On Thursday, May 10 at 12pm, The Commonwealth Club of California in San Francisco will play host to the Chavez Santiago family of the “famed weaving village of Teotitlan de Valle presents its story of this ancient art form, a family, a culture and preserving a way of life across generations.” The New York Times travel writer Freda Moon included them in her article “36 Hours: Oaxaca, Mexico” in January (they also have a wonderful slideshow that includes some great images of weaving).
Panelists for the Commonwealth Club talk include:
Federico Chavez Sosa, Master Weaver in the Zapotec tradition
The Chavez Santiago family uses a “combination of traditional patterns and weaving techniques with modern colors and sensibilities.” The family also works to support their local community and the traditional Zapotec culture. I’m particularly interested in their commitment to using only 100% natural dyes in their work, which seems both forward-thinking and historically accurate.
Doors open at 11:30am, with the program beginning at noon. Tickets are free for Commonwealth Club members and cost $20 for non-members and $7 for students (with valid ID). Tickets can be purchased online here. Hope to see you there!
For a quick taste of the talk, here is a short film featuring Federico Chavez Sosa:
After attending a CSA Western region event back in 2008 (see my review of “Fashion Conscious” at UC Davis), I became interested in the ethics of producing the fashions that eventually become fashion history. The conversation about the impact the fashion industry is having on our environment continues to grow and change, and this is being reflected in the cannon of literature covering the topic. Fashion & Sustainability by Kate Fletcher and Lynda Grose, smartly uses the second half of their book to discuss “ideas that are transforming the fashion system at root into something more sustainable.”
I don’t know about you, but whenever I hear the words “fashion system,” I immediately think of Roland Bathes. However, here are what Fletcher and Grose have to say on the subject when considering sustainability:
“However much we innovate and act to improve the sustainability credentials of a piece of clothing, the benefits brought by these changes are always restricted by the behaviour of the person who buys it. Producing a garment with lower-impact fibre or better labour conditions, while important, changes the overall system very little, for these ‘better’ fibres and pieces are made into the same sorts of garments, sold by the same retailers and then worn and washed in the same way as before. Part Two of this book explores new ways of engaging with the process of sustainability in fashion, starting at a point that acknowledges the profound and multiple challenges inherent in bringing together sustainability, the fashion industry and our economic system based on growth.”
Fletcher and Grose go on to explore nine different concepts: Adaptability, optimized lifetimes, low-impact use, service and sharing, local, biomimicry, speed, needs and engaged – all of which present creative ways that various designers and innovators are thinking about the design and use of clothing. Not exactly Roland Barthes – but perhaps a bit more practical?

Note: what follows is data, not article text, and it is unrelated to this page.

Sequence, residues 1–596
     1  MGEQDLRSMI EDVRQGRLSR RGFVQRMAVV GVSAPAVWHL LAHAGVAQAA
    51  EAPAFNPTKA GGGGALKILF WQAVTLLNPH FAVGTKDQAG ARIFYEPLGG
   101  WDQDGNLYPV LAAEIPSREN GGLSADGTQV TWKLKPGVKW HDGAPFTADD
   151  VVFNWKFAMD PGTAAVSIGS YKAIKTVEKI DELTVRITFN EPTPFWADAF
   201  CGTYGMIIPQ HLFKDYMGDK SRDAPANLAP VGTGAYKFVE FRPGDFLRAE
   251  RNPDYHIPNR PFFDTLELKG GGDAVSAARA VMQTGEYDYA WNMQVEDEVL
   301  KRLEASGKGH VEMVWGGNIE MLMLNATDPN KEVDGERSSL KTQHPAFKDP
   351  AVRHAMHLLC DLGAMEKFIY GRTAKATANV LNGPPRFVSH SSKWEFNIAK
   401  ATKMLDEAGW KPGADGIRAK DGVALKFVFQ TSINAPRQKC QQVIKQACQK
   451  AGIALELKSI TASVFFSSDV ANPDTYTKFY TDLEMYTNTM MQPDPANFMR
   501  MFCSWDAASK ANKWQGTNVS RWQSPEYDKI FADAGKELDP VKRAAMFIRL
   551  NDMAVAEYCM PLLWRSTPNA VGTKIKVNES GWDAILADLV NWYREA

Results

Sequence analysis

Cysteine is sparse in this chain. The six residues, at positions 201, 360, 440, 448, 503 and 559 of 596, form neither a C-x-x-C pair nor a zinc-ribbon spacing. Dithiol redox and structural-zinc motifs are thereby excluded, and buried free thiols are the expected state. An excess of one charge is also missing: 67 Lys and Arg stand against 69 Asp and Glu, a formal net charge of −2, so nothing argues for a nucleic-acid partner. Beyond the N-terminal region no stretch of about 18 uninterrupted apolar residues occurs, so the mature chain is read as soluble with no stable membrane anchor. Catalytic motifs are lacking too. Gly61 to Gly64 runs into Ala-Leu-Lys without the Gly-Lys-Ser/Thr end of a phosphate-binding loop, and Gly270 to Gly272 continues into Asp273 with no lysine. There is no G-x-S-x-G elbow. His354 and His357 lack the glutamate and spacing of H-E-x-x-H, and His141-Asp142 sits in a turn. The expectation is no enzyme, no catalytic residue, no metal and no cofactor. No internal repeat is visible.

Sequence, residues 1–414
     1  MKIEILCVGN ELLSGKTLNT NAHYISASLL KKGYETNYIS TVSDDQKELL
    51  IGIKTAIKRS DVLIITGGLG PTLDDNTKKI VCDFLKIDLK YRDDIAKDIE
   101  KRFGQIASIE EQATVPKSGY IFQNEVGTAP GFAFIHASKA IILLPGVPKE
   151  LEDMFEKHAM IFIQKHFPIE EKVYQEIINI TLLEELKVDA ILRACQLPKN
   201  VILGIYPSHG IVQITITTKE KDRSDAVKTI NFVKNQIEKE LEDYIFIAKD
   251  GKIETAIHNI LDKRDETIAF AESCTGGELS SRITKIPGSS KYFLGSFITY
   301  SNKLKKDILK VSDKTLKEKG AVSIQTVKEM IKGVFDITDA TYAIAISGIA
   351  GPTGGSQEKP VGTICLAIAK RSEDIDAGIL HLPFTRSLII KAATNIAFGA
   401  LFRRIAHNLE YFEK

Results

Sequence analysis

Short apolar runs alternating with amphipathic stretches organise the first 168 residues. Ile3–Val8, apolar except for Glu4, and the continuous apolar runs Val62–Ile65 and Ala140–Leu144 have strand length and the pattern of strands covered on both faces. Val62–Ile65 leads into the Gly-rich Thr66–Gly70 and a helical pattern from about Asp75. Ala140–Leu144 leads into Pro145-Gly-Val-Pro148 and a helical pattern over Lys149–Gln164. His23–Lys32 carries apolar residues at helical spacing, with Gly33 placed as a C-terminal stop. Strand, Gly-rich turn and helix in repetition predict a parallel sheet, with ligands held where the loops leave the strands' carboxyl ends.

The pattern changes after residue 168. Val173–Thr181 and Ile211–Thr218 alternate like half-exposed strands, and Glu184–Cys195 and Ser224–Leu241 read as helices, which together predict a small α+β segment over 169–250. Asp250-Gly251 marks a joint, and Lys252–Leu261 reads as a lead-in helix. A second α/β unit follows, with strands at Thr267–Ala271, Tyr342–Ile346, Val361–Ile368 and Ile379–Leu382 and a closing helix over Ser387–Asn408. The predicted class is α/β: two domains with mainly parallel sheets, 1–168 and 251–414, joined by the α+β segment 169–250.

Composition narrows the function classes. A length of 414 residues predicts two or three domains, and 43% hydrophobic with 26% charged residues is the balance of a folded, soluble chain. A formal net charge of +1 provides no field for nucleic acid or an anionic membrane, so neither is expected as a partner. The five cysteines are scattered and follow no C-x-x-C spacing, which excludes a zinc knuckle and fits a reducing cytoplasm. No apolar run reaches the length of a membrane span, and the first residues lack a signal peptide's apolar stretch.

I was wandering around Amazon yesterday and discovered a handy list that tells you exactly which new or about-to-be-released books on fashion are already their top sellers. Not only does it indicate what’s about to be a hot topic, it also helps fashion book-horders like myself save money (pre-ordering through Amazon can save you as much as 40% off the regular price). Anyway – here are just a few of the current top sellers:
Book description: “Cecil Beaton was a man of dazzling charm and style, and his talents were many. At the age of twenty he sent Vogue an out-of focus snap of a college play, and for the next half-century and more he kept readers of the magazine up to date on all the various activities of his career. Condé Nast, the owner of Vogue, convinced Beaton to abandon his pocket Kodak, and his resulting photographic work earned him a place among the great chroniclers of fashion. Witty and inventive, he also designed settings for plays and films—and for himself—and as a writer he was an eloquent champion of stylish living. This book includes articles, drawings, and photographs by Beaton dating from the 1920s to the 1970s. Beaton loved Vogue, and his contributions testify to the wit, imagination, and professionalism that he and the magazine always had in common.”
By Stefano Catalani, Jeannine Falino, and Janet Koplos
Available: March 1, 2012 (though Amazon seems to be out of stock)
Book description: “Over the past 40 years, Mary Lee Hu has affirmed her distinctive voice in the world of jewelry with her elegant, voluptuous creations. Using wire the way hand weavers use threads, Hu has blazed a trail as both artist and innovator, exploring the nexus between metalsmithing and textile techniques, often through the recovery of historical precedents from an ancient past, and inspired by her innate aspiration to perfection and her stubborn curiosity. Hu’s apparently effortless and graceful creations, resulting from twining, weaving, knotting, and braiding, investigate both the possibilities and limits of wire by melding fiber art and jewelry, structure and pattern, light and line. Knitted, Knotted, Twisted, and Twined features exquisite earrings, rings, brooches, and neckpieces drawn from public and private collections internationally. The book traces the evolution and refinement of Hu’s processes and skill from her earliest experimental pieces in the late 1960s–capturing the spirit of a time when craft and lifestyle were so passionately intertwined–to the confidence and movement of her contemporary creations.”